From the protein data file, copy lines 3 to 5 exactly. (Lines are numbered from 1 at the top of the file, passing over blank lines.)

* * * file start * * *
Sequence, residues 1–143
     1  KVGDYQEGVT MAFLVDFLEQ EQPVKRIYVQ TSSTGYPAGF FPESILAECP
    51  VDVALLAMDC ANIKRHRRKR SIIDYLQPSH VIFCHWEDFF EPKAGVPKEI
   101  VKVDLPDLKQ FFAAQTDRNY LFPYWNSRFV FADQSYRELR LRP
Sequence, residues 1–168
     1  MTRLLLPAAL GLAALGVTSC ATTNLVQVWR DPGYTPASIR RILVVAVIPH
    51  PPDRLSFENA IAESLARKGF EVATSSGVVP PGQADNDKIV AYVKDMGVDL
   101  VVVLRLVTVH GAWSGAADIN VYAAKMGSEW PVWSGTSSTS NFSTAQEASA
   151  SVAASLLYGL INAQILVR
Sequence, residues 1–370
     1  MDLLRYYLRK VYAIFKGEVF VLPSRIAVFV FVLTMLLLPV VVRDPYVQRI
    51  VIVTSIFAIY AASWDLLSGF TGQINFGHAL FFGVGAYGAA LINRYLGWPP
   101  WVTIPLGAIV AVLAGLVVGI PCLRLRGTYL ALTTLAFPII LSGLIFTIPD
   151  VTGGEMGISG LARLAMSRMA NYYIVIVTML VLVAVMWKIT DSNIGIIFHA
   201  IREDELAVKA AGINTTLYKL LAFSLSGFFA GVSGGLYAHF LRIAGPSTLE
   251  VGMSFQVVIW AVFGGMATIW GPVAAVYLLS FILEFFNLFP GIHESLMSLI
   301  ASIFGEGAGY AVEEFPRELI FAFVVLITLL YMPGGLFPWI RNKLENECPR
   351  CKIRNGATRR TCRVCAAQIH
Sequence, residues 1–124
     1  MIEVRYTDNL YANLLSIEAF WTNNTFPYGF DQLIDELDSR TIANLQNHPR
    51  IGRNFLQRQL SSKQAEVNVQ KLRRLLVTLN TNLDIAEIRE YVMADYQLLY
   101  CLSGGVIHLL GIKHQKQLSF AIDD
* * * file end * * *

    51  VDVALLAMDC ANIKRHRRKR SIIDYLQPSH VIFCHWEDFF EPKAGVPKEI
   101  VKVDLPDLKQ FFAAQTDRNY LFPYWNSRFV FADQSYRELR LRP
Sequence, residues 1–168